A Guide to Veneers: Process, Types, and Cement Used for Placement
Do you want a beautiful, appealing, and long-lasting smile? Also searching about what type of cement is used for Veneers? You might want to consider the veneers treatment with First Point Dental, the best dental clinic in Chicago.
Dental veneers are tooth-colored, thin shells that are permanently bonded onto the front teeth surface to correct minor defects in the smile appearance. Veneers can help with unwanted gaps between the teeth; broken, chipped/cracked, crooked, stained/discolored teeth; or smaller than average teeth. It helps fix the size, form, and shade of the teeth (usually the eight top front teeth), as well as the symmetry of the smile.
Mostly, veneers are composed of porcelain or composite resin materials which require intensive preparation work. These days, even no-prep veneers are applied to the teeth surface through a different process. Veneers are usually designed to be thin, durable, and stain-resistant.
The Process of Veneers Treatment
Usually, the process of placement of teeth veneers is completed in three separate dental visits. First is the initial consultation, then preparation and construction, and finally the placement/application of veneers. The steps involved in the process include:
Initial Consultation- The dentist takes dental X-rays, intra-oral photos, and performs a thorough oral examination to check the patient’s candidacy for the veneer treatment.
Teeth Preparation- Before placing the veneers, the affected teeth must be prepped. In the case of indirect composite veneers, we thoroughly clean the surface of the teeth, acid-etched for a few seconds, and finally rinsed with clear water.
To apply the traditional veneers and allow for their proper placement, some portion of the tooth enamel must be removed beforehand. This is an irreversible process that can be painful, which is why an anesthetic would be used to numb the area around the teeth being treated.
Preparation/Construction of Veneers- Once the teeth are prepared to receive veneers, the dentist takes a putty impression of the prepared teeth for mold creation. Next, a shade guide is used to choose the right color for the veneer material which matches the shade of the adjacent natural teeth. Next, the dental impression and the required shade are sent to a dental laboratory to make the permanent porcelain veneers. Till then, the restoration of wear of the teeth is made possible by the dentists by creating and placing chairside temporary veneers which last for a few weeks. Dentists might use Computer-aided design and manufacturing technology to design the permanent designs.
Placement of Final Veneers- In the next dental visit, once the permanent veneers are ready, the dentist adjusts and fits the veneers. After successful placement, the bite of the patient is checked. Once adjusted, the veneers are permanently bonded to the front teeth surface using cementing material which is photo-polymerized to strongly adhere to the teeth. Any excess cement is cleaned off.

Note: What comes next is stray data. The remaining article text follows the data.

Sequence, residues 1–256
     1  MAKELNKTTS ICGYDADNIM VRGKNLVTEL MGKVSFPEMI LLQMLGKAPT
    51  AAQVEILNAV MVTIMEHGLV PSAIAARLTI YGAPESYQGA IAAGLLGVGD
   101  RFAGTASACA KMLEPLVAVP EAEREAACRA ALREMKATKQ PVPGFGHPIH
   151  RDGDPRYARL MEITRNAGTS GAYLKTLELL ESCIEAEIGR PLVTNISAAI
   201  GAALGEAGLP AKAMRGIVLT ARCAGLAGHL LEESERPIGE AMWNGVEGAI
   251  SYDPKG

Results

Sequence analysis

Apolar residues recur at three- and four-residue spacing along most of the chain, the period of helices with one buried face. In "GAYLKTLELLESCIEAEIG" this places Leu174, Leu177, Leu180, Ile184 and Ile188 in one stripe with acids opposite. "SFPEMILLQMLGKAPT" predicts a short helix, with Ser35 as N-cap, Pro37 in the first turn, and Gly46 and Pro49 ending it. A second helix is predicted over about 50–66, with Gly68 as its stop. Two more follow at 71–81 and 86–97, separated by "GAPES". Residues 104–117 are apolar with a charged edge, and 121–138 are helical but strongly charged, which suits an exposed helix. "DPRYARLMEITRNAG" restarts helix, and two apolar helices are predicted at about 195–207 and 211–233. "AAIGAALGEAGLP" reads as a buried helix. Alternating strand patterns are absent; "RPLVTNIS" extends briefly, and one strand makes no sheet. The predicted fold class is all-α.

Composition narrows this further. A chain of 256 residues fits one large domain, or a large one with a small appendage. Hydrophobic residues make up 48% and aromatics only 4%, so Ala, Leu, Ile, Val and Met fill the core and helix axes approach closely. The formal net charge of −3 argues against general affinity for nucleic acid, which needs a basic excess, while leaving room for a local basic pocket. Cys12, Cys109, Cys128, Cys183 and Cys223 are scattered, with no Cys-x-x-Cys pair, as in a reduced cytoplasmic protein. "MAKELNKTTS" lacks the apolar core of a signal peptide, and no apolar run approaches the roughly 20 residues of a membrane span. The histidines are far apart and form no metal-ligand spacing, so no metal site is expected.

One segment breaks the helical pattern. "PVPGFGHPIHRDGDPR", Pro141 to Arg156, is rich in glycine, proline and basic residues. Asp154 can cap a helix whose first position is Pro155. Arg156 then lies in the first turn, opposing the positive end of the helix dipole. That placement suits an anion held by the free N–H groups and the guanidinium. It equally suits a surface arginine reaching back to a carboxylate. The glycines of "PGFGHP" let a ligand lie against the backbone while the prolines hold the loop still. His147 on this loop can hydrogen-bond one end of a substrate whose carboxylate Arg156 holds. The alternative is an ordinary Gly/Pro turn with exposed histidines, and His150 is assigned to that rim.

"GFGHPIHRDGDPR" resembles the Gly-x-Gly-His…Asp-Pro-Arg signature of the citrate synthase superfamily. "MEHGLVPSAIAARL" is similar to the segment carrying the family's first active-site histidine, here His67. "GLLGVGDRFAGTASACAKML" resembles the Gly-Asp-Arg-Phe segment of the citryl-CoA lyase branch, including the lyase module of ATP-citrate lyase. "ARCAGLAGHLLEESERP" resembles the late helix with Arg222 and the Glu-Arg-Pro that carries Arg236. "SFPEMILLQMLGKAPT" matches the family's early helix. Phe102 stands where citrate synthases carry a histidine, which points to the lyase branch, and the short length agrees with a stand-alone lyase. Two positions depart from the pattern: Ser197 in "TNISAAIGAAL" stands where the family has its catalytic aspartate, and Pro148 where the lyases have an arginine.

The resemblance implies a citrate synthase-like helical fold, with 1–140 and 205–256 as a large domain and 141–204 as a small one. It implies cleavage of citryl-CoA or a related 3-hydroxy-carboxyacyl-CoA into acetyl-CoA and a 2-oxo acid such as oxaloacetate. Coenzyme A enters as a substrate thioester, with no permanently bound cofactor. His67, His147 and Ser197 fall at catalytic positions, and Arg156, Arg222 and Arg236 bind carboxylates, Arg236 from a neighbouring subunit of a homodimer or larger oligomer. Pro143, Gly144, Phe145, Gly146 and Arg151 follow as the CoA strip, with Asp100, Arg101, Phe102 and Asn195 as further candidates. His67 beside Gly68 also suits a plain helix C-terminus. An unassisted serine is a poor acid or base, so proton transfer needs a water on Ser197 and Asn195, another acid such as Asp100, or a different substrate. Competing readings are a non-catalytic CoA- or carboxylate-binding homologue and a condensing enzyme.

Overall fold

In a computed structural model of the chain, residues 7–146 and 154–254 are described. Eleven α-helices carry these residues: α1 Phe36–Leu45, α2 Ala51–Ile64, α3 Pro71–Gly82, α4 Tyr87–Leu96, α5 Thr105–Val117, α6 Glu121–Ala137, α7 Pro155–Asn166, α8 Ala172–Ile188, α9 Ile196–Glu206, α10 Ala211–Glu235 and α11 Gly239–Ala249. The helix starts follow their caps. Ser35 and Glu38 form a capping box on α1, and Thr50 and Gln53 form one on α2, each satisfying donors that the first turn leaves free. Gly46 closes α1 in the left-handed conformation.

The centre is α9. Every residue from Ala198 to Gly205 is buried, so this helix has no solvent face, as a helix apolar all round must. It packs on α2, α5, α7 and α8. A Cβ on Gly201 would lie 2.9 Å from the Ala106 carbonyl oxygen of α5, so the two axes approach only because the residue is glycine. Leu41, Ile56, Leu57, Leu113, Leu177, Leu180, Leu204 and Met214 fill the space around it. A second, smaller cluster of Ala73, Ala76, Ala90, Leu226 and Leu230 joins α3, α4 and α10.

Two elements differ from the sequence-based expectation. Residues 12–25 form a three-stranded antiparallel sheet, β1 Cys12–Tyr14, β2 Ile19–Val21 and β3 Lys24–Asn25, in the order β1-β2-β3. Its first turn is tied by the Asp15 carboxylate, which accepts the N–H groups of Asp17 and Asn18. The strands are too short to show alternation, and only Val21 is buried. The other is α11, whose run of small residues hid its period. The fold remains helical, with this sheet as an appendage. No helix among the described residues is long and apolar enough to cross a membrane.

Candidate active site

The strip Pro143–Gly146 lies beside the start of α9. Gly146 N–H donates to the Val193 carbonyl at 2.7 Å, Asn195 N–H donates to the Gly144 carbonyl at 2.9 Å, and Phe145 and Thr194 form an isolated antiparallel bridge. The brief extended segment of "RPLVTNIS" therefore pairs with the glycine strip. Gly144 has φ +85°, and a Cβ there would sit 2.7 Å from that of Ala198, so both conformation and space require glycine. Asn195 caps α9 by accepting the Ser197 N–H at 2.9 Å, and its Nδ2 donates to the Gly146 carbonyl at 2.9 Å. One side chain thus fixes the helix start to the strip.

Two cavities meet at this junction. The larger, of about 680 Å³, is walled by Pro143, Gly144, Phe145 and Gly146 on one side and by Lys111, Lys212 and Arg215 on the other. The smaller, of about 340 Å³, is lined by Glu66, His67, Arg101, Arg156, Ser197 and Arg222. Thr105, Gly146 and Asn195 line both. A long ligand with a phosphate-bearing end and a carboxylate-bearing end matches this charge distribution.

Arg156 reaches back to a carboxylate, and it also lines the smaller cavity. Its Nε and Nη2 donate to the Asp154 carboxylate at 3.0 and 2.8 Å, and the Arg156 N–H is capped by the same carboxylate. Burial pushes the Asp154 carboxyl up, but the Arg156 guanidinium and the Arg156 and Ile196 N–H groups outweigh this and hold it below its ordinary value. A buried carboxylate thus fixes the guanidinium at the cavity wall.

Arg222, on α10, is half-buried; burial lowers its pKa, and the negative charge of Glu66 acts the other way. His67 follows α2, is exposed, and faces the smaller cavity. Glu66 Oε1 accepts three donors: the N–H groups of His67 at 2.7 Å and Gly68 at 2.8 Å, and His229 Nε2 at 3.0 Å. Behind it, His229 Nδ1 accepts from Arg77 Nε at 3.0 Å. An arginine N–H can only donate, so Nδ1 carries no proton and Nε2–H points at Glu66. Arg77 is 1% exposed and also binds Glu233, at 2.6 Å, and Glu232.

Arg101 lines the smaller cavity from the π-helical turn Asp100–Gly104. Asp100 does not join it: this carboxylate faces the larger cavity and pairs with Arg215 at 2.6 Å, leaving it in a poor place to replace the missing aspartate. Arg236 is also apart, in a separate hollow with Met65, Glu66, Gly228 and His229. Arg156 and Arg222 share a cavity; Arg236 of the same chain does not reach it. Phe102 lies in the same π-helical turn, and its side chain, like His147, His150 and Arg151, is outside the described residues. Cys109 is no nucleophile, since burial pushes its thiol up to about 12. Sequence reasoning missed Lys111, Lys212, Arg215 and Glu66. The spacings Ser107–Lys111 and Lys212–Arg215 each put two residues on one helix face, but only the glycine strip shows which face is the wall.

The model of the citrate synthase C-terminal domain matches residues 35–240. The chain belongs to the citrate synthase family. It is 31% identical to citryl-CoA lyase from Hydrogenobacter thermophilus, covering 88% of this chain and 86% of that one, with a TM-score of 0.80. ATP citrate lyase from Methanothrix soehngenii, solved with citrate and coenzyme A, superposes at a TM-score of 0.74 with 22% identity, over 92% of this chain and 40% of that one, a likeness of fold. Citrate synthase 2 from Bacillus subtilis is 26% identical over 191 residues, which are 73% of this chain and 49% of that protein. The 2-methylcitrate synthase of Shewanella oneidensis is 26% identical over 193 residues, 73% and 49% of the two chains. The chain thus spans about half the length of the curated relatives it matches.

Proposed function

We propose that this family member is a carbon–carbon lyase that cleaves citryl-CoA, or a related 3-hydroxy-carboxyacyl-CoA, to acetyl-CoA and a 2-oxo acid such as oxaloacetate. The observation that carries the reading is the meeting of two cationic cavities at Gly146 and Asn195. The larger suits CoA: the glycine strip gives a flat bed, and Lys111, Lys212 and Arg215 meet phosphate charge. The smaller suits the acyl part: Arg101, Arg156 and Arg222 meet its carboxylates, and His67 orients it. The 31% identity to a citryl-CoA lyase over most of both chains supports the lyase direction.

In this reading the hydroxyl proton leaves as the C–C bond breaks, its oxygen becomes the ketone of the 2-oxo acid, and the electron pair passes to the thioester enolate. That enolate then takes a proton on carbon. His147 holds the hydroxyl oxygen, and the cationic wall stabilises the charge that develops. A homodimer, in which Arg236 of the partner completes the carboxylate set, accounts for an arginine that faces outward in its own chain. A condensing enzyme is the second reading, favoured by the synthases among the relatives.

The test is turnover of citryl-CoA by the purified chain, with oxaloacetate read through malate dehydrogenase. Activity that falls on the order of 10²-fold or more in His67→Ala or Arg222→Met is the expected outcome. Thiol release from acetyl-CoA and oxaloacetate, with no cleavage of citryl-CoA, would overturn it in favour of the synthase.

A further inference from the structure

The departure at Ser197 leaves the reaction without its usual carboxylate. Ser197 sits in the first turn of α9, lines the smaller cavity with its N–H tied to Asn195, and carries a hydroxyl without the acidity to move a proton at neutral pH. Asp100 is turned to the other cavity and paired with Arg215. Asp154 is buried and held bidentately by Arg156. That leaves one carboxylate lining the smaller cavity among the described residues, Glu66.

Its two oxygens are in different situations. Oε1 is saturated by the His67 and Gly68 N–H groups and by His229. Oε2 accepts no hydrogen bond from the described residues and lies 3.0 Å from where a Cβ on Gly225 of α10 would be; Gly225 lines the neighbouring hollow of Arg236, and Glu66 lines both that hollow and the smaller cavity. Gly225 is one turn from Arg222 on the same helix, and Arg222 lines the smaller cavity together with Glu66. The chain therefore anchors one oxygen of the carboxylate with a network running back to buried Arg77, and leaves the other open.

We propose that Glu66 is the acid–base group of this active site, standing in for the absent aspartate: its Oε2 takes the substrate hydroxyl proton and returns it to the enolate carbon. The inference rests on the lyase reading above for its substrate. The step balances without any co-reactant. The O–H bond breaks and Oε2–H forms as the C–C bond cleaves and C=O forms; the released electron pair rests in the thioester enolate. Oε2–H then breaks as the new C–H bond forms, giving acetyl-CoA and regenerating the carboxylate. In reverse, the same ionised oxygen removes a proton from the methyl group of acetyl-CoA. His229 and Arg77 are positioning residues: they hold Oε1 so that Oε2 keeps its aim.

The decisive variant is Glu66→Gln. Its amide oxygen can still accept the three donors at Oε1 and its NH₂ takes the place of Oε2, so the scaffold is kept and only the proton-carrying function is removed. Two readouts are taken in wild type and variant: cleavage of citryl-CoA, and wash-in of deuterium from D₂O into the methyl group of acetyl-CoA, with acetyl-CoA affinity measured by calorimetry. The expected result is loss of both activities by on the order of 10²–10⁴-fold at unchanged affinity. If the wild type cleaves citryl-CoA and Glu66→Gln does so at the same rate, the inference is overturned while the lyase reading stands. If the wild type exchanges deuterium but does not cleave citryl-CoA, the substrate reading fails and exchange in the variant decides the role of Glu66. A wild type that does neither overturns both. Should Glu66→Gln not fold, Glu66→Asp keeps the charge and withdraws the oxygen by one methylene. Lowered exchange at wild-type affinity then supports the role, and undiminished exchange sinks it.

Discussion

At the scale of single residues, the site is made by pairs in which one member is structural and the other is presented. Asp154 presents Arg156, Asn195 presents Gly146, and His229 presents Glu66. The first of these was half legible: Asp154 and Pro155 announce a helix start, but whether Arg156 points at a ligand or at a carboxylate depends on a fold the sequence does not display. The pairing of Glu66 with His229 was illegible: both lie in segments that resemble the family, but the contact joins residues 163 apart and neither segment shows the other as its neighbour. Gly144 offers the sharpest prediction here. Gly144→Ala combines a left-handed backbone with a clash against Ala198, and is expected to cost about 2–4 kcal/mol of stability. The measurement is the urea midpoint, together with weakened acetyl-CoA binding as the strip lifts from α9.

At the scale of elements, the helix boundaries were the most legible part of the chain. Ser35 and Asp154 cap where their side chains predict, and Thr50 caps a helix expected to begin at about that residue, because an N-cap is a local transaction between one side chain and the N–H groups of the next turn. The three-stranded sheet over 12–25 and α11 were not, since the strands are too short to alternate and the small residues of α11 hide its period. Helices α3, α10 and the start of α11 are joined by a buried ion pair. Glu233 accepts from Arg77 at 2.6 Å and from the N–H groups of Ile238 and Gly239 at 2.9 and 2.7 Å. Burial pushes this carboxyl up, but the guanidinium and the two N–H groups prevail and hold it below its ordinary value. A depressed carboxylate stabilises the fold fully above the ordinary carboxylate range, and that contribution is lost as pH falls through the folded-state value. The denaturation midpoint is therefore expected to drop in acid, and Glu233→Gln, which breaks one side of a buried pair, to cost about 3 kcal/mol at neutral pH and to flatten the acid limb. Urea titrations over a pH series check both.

Most Common Types of Veneers
Porcelain Veneers- These are the most preferred option as they are thinnest, extremely durable and last for more than 15 years with proper care and are more natural-looking than the other types. Once the permanent veneer is ready, it is placed on the shaved down tooth and cemented in place.
Composite Resin Veneers (Bonded Veneers)- These are the affordable alternative to porcelain veneers. These are resistant to teeth whitening, needless grinding down of the teeth, or sometimes no enamel removal at all. However, they have a lifespan of about 5 years. During the treatment, a thin layer of composite resin is directly applied to the etched tooth surface. To achieve the intended look, more layers of composite resin material must be subsequently added. Lastly, the composite material is strongly attached to the tooth surface by curing or hardening the material with a special light source like LED.
Which Cement is Used for Securing Veneers Inside the Mouth?
Cementation of veneers is a crucial step in the placement of veneers. The effectiveness of high-end aesthetic bonded dental restorations can be attributed to their intimate adhesion to the healthy remaining mouth structures and their bond strength. This way, the tooth can get back most of its original strength. When working additively, this effect can be enhanced.
Generally, it’s recommended to cement the veneers with light-cured, total-etch cosmetic resin material instead of the self-adhesive resin cement. Self-adhesive resin cement is not advised as it slightly changes color over-time, which affects the aesthetics of the treatment. Furthermore, they are associated with limited working time.
In contrast, the total-etch resin cement provides extra bond strength between the veneer and the teeth surface. Since the preparation of the veneers is often associated with little retention form, a better cementing material like light-cured aesthetic resin is necessary to increase the longevity of the veneers.